The Essenes took their devotion to God seriously. Living in the barren Judea Wilderness, they were ascetic, probably celibate, and dedicated to waiting for the imminent "day of the Lord." They believed themselves to be the sons of light preparing for a great battle with the sons of darkness (John 12:35-36). The sons of light would be victorious, and the sons of darkness, ensnared by the power of evil, would be destroyed.

The mission of the faithful community of Essenes was to prepare the way (Matthew 3:3) meaning God's road or path of obedience. They felt they must be ready to take their place in God's army by keeping their hearts and minds pure and their practices obedient. Their lifestyle reflected this commitment. The Essene community was carefully organized. They lived in small, self-sufficient communities having all property in common (Acts 2:44-45). They practiced ritual washing, similar to the baptism practices of John, to purify them of any ritual uncleanness or sin that might disqualify them from being part of God's work. They wore white as a symbol of their purity. They grew their own food and were forbidden to eat food prepared by others. They spent significant time in study and in careful copying of their sacred texts. It is these scrolls, probably hidden when the Romans destroyed Jerusalem in the First Jewish Revolt that are known as the Dead Sea Scrolls.

The Essenes were stricter than the Pharisees in observing the Sabbath. They ate a sacred meal as an anticipation of the victory banquet of the Messiah, who would soon arrive (Matthew 26:26-29). They practiced obedience to God and justice to people. Their lives were guided by a principle taken from the Old Testament prophet Habakkuk: "The righteous (just) shall live by his faith" (Habakkuk 2:4). Those who failed were cut off from the community (2 John 9-10).

The Essenes were committed to opposing the corrupt and wicked religious establishment of the temple in Jerusalem (Matthew 21; 12-13); resisting the interpretations the Pharisees had elevated above the Torah (Matthew 15:1-3); and if possible avoiding marriage because the coming battle would create hardship on raising a family (Matthew 19:ll-12). Josephus described them as those who love God and who love their fellow man (Mark 12:30-31).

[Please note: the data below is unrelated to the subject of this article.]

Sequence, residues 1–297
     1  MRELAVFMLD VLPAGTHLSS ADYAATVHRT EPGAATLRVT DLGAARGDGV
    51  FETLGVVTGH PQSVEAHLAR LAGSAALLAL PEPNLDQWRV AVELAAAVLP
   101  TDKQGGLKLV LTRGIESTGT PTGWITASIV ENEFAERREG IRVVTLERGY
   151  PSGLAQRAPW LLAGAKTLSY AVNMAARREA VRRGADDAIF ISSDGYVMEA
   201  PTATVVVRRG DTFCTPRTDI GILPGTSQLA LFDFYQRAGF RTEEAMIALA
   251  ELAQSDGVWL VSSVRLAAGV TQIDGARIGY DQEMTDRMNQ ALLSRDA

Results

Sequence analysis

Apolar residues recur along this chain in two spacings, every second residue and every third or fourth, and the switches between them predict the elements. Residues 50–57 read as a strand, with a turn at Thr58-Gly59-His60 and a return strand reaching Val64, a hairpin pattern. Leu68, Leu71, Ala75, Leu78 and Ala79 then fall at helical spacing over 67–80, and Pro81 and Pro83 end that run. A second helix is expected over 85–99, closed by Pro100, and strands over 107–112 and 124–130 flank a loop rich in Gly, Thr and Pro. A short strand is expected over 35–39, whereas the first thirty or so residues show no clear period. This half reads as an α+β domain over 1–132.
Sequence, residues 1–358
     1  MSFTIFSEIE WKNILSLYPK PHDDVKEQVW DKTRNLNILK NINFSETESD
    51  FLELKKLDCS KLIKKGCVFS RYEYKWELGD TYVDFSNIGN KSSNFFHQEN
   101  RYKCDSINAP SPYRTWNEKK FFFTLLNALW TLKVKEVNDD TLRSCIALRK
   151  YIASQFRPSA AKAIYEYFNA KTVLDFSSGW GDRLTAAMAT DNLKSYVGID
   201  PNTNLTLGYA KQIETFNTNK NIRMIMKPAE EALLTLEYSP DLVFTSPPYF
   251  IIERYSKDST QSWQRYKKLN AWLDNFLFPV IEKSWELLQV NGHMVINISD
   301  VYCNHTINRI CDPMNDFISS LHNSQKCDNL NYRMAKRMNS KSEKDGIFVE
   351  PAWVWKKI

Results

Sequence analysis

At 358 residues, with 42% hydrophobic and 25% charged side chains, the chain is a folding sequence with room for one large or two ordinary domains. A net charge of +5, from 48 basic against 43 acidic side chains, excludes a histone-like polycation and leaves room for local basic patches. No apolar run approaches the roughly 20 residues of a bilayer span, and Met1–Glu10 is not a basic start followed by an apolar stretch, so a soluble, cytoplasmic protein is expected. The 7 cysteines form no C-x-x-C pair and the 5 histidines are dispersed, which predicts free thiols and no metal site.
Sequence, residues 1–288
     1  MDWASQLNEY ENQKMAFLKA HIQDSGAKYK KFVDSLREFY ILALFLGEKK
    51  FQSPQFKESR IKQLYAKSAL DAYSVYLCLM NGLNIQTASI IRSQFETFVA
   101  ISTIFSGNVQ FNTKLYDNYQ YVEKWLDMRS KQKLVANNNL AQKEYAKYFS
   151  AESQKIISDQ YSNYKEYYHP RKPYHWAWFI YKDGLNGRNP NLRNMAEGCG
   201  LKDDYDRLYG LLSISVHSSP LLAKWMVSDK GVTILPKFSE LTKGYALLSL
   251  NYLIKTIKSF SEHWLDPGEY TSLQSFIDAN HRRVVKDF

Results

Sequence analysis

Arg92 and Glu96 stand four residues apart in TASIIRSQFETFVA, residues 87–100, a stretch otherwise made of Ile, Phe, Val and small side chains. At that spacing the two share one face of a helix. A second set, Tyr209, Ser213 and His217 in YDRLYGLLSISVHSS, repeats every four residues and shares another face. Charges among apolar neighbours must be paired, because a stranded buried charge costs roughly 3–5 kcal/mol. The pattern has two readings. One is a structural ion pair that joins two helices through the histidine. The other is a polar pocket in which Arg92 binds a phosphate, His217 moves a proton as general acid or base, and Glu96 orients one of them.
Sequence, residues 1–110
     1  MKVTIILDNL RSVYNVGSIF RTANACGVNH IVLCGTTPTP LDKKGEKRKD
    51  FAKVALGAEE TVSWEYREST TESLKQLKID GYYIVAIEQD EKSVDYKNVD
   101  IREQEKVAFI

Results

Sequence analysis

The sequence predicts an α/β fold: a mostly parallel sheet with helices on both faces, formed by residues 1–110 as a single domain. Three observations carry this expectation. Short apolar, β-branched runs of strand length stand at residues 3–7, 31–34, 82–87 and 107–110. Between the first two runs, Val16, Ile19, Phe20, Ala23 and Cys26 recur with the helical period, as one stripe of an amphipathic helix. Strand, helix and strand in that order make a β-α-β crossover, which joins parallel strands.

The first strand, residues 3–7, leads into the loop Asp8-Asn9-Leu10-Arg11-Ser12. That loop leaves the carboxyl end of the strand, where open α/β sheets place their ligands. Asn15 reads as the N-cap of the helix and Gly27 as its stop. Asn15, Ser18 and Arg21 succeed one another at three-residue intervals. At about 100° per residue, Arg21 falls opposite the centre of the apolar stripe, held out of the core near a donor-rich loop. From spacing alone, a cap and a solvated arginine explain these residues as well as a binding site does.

The end came for the Essenes when the Romans destroyed Qumran in approximately AD 68. It is likely the Essenes joined in the revolt, thinking it to be the final cosmic battle between light and darkness. This is probably when they placed their sacred scrolls in jars and hid them in caves nearby, to become a gift from God to our generation. Some Essenes apparently escaped to Masada and died there after burying their scrolls near the synagogue. Though this community disappeared from history, its legacy is only now being realized.


A few scholars have suggested that the Essene community included the early Christians. This claim is not clearly supported by evidence to date. It is probable that some of them became Christians in the early years, since many of the Essenes were priests and were concerned about the existing Temple authorities. One scholar has suggested they may be the converts referred to in Acts 6:7. Many scholars have noted the similarity between Essene theology and practices and those of John the Baptist. It is possible he had contact with, or was a member of, the Essene community (he too came from a priestly family but apparently left the priestly practice). None of these possibilities can be clearly demonstrated. What is clear is the similarity of many Essene beliefs and practices to those of the New Testament. Clearly, God provided a context in which the message of Jesus would be understood (even by those who rejected it). It is amazing to see God's careful planning for the arrival of his Son.

Jesus was the Messiah the Essenes longed for. Did they recognize him? That we cannot yet answer. Can they help us recognize him and understand his message better? That answer is a resounding yes! Praise God for preparing for Jesus by creating the Essenes!